Electrodynamics is a very exciting subject to learn. Unfortunately, Maxwell’s equations, the basic ingredient in this theory (together with the Lorentz force) are often taught in a rather dull manner, which usually involves solving a lot of boring problems without emphasizing the pivotal role symmetry principles play in the formal structure of these field equations. This may lead to the rather unpleasant feeling of not truly understanding these equations. So this course is entirely devoted to try to understand Maxwell’s equations through their symmetries.
The lectures are suitable for advanced undergraduate students and beginning graduates. Finally, let me try to persuade you to take this course with the words of Freeman Dyson:
¨ The ultimate importance of the Maxwell theory is far greater than its immediate achievement in explaining and unifying the phenomena of electricity and magnetism. Its ultimate importance is to be the prototype for all the great triumphs of twentieth-century physics. It is the prototype for Einstein’s theories of relativity, for quantum mechanics, for the Yang-Mills theory of generalised gauge invariance, and for the unified theory of fields and particles that is known as the Standard Model of particle physics…We may hope that a deep understanding of Maxwell’s theory will result in dispersal of the fog of misunderstanding that still surrounds the interpretation of quantum mechanics. And we may hope that a deep understanding of Maxwell’s theory will help to lead the way toward further triumphs of physics in the twenty-first century.¨
Lecture Notes currently in progress!
Electrostatics and Magnetostatics
- I Electrostatics, magnetostatics, and the Helmholtz theorem
- II Potentials and gauge symmetry; magnetic monopoles and duality symmetry.
- III Maxwell’s equations and the Helmholtz theorem for retarded fields.
- IV Gauge symmetry in Maxwell’s equations.
- V Conservation laws: charge, energy, momentum, and angular momentum.
- VI Duality symmetry in electrodynamics: A review of Maxwell’s equations with magnetic monopoles.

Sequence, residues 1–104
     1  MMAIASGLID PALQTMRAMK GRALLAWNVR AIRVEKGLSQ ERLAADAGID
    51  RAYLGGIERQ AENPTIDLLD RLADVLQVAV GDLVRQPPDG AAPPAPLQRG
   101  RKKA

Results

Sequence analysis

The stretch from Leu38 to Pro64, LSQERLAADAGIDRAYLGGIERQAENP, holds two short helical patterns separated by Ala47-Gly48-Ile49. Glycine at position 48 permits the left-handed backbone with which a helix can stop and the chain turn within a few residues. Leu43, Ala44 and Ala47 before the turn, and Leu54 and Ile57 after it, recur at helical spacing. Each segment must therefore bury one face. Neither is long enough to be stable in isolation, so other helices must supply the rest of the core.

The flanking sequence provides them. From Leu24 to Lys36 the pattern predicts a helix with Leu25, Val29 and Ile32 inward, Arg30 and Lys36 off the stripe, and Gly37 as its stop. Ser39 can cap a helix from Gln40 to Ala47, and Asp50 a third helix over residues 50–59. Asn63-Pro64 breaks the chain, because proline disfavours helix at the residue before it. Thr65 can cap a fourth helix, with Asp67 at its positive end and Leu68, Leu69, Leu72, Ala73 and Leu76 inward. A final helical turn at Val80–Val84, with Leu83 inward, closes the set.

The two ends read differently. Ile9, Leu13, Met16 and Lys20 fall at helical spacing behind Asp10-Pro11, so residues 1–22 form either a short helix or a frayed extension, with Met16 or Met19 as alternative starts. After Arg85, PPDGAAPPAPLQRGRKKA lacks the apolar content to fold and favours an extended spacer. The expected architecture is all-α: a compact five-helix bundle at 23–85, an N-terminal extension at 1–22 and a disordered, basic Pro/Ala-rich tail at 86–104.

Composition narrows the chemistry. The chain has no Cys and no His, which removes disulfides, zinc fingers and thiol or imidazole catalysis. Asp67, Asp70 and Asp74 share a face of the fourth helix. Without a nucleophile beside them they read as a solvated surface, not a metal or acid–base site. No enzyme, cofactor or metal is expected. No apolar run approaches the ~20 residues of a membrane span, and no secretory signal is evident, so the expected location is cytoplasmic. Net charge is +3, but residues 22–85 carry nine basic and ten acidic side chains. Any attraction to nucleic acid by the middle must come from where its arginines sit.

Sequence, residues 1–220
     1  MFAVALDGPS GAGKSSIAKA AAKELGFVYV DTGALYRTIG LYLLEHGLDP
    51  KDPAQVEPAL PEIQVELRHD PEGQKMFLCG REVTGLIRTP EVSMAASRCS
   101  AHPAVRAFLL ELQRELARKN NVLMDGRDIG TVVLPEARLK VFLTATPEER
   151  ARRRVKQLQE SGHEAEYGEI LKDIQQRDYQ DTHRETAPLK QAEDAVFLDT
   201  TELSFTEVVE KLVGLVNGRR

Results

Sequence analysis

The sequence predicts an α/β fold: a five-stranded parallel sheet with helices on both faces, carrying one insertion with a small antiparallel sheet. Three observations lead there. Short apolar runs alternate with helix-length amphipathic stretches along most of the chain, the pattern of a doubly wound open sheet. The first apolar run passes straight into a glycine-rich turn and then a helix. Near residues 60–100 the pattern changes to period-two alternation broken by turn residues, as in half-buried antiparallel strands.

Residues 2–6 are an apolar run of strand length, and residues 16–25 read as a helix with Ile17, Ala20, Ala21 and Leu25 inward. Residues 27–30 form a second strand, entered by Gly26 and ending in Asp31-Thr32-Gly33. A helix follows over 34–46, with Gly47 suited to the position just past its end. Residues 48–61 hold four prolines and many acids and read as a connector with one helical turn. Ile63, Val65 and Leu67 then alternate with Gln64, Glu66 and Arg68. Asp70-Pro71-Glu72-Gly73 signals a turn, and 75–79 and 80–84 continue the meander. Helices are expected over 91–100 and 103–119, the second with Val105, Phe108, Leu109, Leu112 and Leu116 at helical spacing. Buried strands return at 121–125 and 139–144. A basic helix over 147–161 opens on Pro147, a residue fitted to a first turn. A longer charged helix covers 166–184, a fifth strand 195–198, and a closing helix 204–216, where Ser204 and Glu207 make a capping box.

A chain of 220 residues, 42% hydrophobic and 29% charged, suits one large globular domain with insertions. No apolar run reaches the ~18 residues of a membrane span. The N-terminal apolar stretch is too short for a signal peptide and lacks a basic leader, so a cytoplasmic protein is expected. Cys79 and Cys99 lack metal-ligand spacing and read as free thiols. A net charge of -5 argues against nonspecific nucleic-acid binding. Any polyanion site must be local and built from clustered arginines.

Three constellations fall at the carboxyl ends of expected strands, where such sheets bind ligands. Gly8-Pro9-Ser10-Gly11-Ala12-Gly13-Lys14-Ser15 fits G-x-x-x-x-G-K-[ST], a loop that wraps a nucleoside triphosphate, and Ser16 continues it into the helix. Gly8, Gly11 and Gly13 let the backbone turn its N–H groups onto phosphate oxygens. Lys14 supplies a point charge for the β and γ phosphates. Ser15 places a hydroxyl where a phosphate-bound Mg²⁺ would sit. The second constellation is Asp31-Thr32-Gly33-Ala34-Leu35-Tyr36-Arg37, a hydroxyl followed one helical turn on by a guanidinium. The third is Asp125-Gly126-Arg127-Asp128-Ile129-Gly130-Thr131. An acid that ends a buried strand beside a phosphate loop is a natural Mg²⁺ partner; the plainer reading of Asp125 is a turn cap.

- VII Review of special relativity.
- VIII Covariant formulation of Electrodynamics.
- IX Covariant formulation of Electrodynamics with magnetic monopoles.
How to “invent” Maxwell’s Equations?
- X A heuristic derivation of Maxwell’s equations from charge conservation.
Action Principle in Electrodynamics
- XI Review on the action principle.
- XII Lagrangian formulation of electrodynamics.
- XIII Conservation laws.
MATERIAL FOR THE COURSE
- D. Griffiths 1999, Introduction to Electrodynamics (Prentice-Hall: New Jersey)
- J. D. Jackson, 1999, Classical Electrodynamics, 3rd edn (New York: Wiley)
- A. Zangwill, 2012, Modern Electrodynamics (Cambridge University Press: Cambridge)
- J. Schwinger et al., 1998, Classical Electrodynamics (Westview press)
- F. E. Low, 1997, Classical Field Theory: Electromagnetism and Gravitation (Wiley)
- R. Heras, The Helmholtz theorem and retarded fields, Eur. J. Phys, 37, 065204 (2016) [PDF]
- R. Heras, Lorentz transformations and the wave equation, Eur. J. Phys. 37, 025603 (2016) [PDF]
- F. Dyson, Why is Maxwell’s Theory so Hard to Understand?, [PDF]
- J. D. Jackson, From Lorenz to Coulomb and other explicit gauge transformations, Am. Jour. Phys. 70, 917 (2002) [PDF]
- D. H. Kobe, Helmholtz’s theorem revisited, Am. J. Phys. 54, 552 (1986) [PDF]
- D. H. Kobe, Helmholtz theorem for antisymmetric second-rank tensor fields and electromagnetism
with magnetic monopoles, Am. J. Phys. 52, 354 (1984)[PDF]
- D. A. Woodside, Three-vector and scalar field identities and uniqueness theorems in Euclidean and
Minkowski spaces, Am. J. Phys. 77, 438 (2009) [PDF]
- C-N Yang, The conceptual origins of Maxwell’s equations and gauge theory, Physics Today 67 (11),
45 (2014) [PDF]
Suggested papers on Symmetry
Brief non-technical overview on symmetries in Physics
- D. J. Gross, The role of symmetry in fundamental physics, PNAS, 93, 14256 (1996).
- J. Maldacena, The symmetry and simplicity of the laws of physics and the Higgs boson, Eur. J. Phys. 37 (2016)
- J. D. Jackson, and L. B. Okun, Historical roots of gauge invariance , Rev. Mod. Phys. 73, 663 (2001)
- J.D. Jackson, From Lorenz to Coulomb and other explicit gauge transformations, Am. Jour. Phys. 70, 917 (2002).